Innovative alternative technology for your equipment
If you want to improve the fuel efficiency of your equipment, take a lesson from DeSantis Landscapes.
A discussion about environmental sustainability during the company’s annual strategic planning session in 2005 took an interesting turn, says Dean DeSantis, president and second-generation owner of the family-owned business in Salem and Oregon City, Oregon.
In addition to its longstanding commitment to natural landscaping practices, the company decided to focus on improving the environmental impact of its internal business operations, beginning with its fleet of vehicles and equipment. Since then, DeSantis has avoided using more than 61,285 gallons of petroleum fuel for its 38-vehicle fleet, reducing his company’s carbon dioxide emissions by more than a half-million pounds (a figure he reports is equivalent to taking 40 vehicles off of the road).
“It may seem risky at first, but the benefits to your community and your business are worth it.”
The company’s initiatives include switching to hybrid passenger cars and smaller fuel-efficient pickup trucks for management team members, as well as using biodiesel instead of petroleum diesel for trucks, tractors, large mowers and other large equipment.
“Our commitment to sustainability has become the foundation of our company,” DeSantis says. “It goes beyond our commitment to natural landscaping practices and into the day-to-day operations of our business.
There are a variety of ways you can make your company more fuel-efficient. To save money over the long run, the key is to select the best equipment and then maintain and operate it at peak efficiency.
With a push by manufacturers to offer more efficient equipment, there are more choices than ever. Here’s a roundup of some of the most notable new offerings that may prove to be trendsetters.
Diesel Mower Appeal
The Grasshopper Company, which makes both gas- and diesel-powered commercial mowers, has seen more landscapers turning to diesel recently for several reasons. “Grasshopper MaxTorque Clean Diesel mowers will consume about 0.9 gph in average conditions, versus a comparable gas model consuming 1.8 gph, and a propane equivalent consuming nearly 2 gph,” says Ray Garvey, Grasshopper product specialist. “On models with 8-gallon tanks, this means MaxTorque Clean Diesel mowers can operate a full work day without refueling, while gas and LP models will need refilling on average about every four to five hours.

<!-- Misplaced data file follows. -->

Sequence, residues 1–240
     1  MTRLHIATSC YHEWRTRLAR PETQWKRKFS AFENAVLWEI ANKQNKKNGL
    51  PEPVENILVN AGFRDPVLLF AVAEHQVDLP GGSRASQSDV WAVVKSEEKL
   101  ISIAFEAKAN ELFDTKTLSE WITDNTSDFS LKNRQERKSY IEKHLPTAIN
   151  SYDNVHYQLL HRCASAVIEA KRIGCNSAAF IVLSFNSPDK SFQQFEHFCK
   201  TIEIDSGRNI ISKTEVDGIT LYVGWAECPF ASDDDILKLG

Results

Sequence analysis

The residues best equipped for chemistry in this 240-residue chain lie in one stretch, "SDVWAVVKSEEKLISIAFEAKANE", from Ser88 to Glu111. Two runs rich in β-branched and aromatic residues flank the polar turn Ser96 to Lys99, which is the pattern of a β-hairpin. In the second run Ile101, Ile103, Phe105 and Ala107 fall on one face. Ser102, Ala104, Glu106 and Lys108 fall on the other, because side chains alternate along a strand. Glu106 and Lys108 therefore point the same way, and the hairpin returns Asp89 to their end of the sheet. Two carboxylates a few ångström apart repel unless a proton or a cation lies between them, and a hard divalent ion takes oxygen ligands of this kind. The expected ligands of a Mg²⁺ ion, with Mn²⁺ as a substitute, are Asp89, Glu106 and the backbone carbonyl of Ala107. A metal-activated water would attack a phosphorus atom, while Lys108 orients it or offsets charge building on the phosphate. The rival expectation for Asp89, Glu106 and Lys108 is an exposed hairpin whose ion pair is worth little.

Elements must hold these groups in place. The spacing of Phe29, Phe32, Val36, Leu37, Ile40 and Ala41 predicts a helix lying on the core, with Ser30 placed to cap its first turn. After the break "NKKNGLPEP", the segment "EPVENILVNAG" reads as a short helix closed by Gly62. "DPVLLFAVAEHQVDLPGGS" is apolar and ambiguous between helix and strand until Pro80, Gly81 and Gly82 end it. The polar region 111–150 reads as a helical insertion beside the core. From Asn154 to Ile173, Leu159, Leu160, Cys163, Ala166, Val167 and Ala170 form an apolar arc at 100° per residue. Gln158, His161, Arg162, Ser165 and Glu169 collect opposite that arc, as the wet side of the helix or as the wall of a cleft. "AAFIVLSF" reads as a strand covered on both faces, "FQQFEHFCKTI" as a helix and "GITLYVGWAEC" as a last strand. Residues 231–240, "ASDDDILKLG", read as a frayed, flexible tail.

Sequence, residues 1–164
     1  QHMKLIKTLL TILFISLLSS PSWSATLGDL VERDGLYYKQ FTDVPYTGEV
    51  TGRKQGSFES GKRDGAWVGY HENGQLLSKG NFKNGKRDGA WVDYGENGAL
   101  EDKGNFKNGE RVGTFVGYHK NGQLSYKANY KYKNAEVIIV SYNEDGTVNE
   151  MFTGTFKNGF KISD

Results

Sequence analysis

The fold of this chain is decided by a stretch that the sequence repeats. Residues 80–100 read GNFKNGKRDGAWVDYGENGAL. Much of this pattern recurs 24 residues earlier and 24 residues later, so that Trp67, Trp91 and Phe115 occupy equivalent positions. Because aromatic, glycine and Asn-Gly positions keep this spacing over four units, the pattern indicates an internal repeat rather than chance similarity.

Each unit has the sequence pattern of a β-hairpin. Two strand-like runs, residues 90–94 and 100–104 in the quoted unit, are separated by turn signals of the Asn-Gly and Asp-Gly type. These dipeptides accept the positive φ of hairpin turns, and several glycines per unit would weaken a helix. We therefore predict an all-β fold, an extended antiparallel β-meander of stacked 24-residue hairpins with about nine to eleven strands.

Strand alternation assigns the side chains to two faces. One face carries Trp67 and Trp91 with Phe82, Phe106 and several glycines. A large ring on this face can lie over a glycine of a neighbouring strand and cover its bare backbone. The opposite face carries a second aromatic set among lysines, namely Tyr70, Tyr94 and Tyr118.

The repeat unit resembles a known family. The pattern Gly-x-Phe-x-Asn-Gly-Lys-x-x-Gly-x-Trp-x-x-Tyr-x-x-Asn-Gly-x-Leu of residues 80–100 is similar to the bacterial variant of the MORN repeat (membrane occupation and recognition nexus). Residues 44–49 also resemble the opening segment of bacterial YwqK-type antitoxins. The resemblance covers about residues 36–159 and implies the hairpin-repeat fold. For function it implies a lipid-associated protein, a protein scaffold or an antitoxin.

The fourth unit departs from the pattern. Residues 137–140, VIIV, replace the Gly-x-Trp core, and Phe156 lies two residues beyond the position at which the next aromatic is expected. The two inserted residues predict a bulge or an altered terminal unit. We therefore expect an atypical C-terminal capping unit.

MaxTorque Clean Diesel mowers can operate a full work day without refueling
“Clean diesel packs almost 15 percent more power, drop for drop, than gasoline and almost 40 percent more power than LP,” Garvey says. “When harnessed properly, this power translates into faster job completion times and a 50 percent or more reduction in fuel consumption.”
While occasional sharp spikes in the cost of gasoline may push customers in the direction of diesel mowers, low emissions and long-term sustainability principles are driving even more lawn care operators to clean diesel equipment.
Chris Shipp, owner of Shipp Shape Lawn Service in Sylvester, Georgia, got his start in the green industry for more than 30 years with several gas-powered Grasshopper mowers, but later switched to diesel.
“Considering the cost of off-road diesel fuel versus on-road diesel fuel, plus the overall better fuel efficiency than gasoline, the switch to diesel made sense,” he says.
Shipp owns seven Grasshopper diesel mowers, a mixture of MidMount and FrontMount models. “Compared to our previous gasoline mowers, Shipp Shape saves roughly 1.25 gallons of fuel per hour per machine with diesel, which saves the company more than $13,000 a year – assuming we operated all gasoline instead of all diesel,” he says.
CASE STUDY: Diesel vs. Gas Mowers